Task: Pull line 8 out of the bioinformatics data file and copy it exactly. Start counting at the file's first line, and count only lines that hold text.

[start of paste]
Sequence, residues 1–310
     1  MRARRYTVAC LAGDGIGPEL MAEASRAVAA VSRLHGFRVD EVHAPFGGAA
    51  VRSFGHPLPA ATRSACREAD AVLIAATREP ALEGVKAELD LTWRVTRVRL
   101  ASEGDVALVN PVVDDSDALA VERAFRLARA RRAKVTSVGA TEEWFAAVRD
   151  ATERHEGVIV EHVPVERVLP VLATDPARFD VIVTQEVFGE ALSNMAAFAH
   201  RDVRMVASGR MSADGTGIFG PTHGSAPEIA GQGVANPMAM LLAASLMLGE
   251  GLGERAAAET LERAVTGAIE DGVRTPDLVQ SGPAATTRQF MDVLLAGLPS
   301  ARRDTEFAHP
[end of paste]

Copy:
   301  ARRDTEFAHP